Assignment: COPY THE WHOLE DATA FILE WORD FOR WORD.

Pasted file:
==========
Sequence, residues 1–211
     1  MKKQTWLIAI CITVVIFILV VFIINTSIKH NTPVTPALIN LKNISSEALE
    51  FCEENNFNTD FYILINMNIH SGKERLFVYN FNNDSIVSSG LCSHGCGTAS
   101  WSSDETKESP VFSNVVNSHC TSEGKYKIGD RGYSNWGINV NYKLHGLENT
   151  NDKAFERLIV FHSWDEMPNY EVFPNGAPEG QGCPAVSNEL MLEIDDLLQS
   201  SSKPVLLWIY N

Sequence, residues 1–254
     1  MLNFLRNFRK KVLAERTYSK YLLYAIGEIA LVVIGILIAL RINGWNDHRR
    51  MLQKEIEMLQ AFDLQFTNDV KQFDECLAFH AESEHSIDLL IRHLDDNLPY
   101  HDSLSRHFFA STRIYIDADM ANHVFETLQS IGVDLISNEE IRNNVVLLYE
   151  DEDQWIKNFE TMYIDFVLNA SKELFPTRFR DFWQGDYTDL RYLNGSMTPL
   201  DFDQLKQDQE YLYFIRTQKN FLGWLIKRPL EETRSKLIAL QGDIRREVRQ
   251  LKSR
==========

Sequence, residues 1–211
     1  MKKQTWLIAI CITVVIFILV VFIINTSIKH NTPVTPALIN LKNISSEALE
    51  FCEENNFNTD FYILINMNIH SGKERLFVYN FNNDSIVSSG LCSHGCGTAS
   101  WSSDETKESP VFSNVVNSHC TSEGKYKIGD RGYSNWGINV NYKLHGLENT
   151  NDKAFERLIV FHSWDEMPNY EVFPNGAPEG QGCPAVSNEL MLEIDDLLQS
   201  SSKPVLLWIY N

Sequence, residues 1–254
     1  MLNFLRNFRK KVLAERTYSK YLLYAIGEIA LVVIGILIAL RINGWNDHRR
    51  MLQKEIEMLQ AFDLQFTNDV KQFDECLAFH AESEHSIDLL IRHLDDNLPY
   101  HDSLSRHFFA STRIYIDADM ANHVFETLQS IGVDLISNEE IRNNVVLLYE
   151  DEDQWIKNFE TMYIDFVLNA SKELFPTRFR DFWQGDYTDL RYLNGSMTPL
   201  DFDQLKQDQE YLYFIRTQKN FLGWLIKRPL EETRSKLIAL QGDIRREVRQ
   251  LKSR